MAJESTY AND MISERY…
Willie Diggin’s young life in Ireland spanned the last years of the 19th century and first decade of the 20th century. His native Kerry was a place of “majesty and misery,” Ireland’s National Archives said a century later:
On the one hand, there was the majesty of its scenery, its wild and varied landscape which pushed out into the Atlantic Ocean in a series of peninsulas. Those peninsulas, and the islands off them which marked the most westerly point in Europe, contained a unique heritage of ecclesiastical ruins, archaeological remains and popular folklore which, as well as its scenery, made the county a prime destination for tourists. On the other hand, there was the misery of endemic poverty, of a subsistence existence in the countryside and along the coasts which occasionally strayed close to famine, and which forced generations of Kerry people to leave in search of a basic living.
Back then a nationalist awakening was welling throughout Ireland. People were rediscovering Irish heritage and resisting English rule from across the sea. The Gaelic Athletic Association was created in 1884 to promote Irish sports. The Gaelic League was formed in 1893, a year before Willie’s birth, to revitalize Irish language and culture, which the English had suppressed for centuries.
The 1880s brought new efforts to secure land reform by reducing excessive rents from absentee English landlords and opening the way for property ownership. There were brutal evictions and resistance often involved violent tactics and civil unrest that caused the struggle to be known as “the land war,” or Cogadh na Talún. Kerry was at the center of such violence, euphemistically known as agrarian outrage.
On the political front, nationalist leaders such as Charles Stuart Parnell lobbied to obtain domestic autonomy for Ireland, called home rule. Parnell died three years before Willie’s birth, but the home rule effort continued in Ireland as he boarded the Baltic in May 1913.
His departure came at the eve of a decade-long revolutionary period that including the 1916 Rising, the War of Independence, partition of the northern part of the island and civil war in the new southern Free State.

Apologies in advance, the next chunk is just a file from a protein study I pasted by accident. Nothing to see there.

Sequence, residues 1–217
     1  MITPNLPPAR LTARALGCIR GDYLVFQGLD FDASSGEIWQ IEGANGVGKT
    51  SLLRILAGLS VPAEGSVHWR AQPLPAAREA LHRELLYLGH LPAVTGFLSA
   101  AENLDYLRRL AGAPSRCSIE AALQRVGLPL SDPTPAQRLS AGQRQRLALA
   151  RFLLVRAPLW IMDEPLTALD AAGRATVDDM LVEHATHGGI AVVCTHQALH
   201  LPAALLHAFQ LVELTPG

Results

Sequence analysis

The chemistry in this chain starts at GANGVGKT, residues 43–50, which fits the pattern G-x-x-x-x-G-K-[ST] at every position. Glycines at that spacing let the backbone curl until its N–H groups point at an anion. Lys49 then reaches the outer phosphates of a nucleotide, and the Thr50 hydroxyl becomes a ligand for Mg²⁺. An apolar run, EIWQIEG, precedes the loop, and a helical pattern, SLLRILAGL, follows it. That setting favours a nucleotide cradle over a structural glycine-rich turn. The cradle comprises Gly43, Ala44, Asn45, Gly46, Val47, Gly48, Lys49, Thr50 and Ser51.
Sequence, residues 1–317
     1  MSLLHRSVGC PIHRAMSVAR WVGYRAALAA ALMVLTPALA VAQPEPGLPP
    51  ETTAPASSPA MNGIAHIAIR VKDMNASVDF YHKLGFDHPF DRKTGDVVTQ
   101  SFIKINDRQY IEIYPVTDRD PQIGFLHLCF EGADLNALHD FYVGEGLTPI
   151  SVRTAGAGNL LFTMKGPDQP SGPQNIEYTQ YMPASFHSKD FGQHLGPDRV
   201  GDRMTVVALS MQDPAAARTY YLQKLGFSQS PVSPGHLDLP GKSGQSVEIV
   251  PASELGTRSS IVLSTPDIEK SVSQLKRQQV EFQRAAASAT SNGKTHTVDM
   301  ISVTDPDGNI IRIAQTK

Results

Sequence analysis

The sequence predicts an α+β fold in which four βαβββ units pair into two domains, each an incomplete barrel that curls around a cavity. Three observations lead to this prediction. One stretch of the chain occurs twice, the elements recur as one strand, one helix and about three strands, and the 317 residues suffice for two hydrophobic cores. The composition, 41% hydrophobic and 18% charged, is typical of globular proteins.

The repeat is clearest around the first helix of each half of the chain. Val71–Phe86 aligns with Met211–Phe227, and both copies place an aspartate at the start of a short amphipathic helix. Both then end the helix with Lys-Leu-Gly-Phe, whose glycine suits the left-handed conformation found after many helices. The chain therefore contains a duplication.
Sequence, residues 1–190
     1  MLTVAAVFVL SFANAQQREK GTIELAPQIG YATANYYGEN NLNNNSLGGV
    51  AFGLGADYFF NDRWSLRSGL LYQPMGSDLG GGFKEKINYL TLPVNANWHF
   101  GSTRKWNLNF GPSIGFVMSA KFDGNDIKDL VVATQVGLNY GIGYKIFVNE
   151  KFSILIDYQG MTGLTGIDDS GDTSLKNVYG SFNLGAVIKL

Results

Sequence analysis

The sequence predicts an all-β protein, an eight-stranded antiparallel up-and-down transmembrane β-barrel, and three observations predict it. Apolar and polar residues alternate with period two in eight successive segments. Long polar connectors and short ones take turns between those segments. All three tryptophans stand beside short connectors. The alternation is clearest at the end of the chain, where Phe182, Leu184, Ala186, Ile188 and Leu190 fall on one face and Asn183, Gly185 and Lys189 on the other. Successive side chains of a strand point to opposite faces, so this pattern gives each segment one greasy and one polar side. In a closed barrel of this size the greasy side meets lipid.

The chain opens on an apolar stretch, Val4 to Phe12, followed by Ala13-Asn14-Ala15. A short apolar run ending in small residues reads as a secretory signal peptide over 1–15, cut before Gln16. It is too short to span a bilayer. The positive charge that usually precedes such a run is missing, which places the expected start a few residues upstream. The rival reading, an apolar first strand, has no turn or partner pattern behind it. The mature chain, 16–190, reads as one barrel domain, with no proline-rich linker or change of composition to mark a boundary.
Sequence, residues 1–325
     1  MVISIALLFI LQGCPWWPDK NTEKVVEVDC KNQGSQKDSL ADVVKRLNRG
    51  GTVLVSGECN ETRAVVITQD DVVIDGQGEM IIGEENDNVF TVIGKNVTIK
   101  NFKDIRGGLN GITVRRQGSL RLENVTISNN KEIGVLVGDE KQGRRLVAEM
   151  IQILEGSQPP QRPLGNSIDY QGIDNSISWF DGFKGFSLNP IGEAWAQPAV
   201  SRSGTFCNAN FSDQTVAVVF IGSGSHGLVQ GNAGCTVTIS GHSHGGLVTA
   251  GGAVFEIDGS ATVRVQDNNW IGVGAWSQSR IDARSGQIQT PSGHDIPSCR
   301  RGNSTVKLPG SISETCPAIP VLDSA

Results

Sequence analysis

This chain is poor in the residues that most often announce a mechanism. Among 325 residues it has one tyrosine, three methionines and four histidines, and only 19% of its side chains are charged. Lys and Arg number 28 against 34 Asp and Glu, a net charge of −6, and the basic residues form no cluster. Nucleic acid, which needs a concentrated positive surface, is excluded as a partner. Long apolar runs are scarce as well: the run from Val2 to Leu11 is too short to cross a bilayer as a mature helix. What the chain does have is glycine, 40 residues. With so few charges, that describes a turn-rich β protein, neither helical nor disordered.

Above: Early 20th century image of the Lartigue monorail traveling west to Ballybunion from Listowel. Below: The station at Ballybuinon. National Library of Ireland
One of the more peculiar aspects of Willie’s life in north Kerry was the unique monorail that linked Ballybunion to the mainline trains at Listowel. Opened in 1888, the strange-looking locomotives and other cars draped saddle-style over a single rail fixed atop 3-foot-high support trestles. The system was named after its creator, French engineer Charles Lartigue.
The 9-mile Lartigue short line helped bring visitors and commerce to remote Ballybunion as it attracted photographers and writers to the area. For example, a January 1898 story in London’s Strand Magazine described Ballybunion as a “beautiful seaside and health resort” and boasted “the advantages of the [Lartigue] system are its great safety, and that the line can be quickly and cheaply laid.” Stories about Kerry’s odd railway also appeared in American newspapers and magazines.
In 1913, the Lartigue had a record ridership of more than 73,000 passengers. But some of these were people leaving Kerry forever. The station at Ballybunion not only welcomed summer visitors but also sold tickets to the great ocean liners making regular voyages to America and Canada.
For emigrants like Willie, the single-line railway was a one-way road away from home.
Tomorrow: HIS CATHOLIC FAITH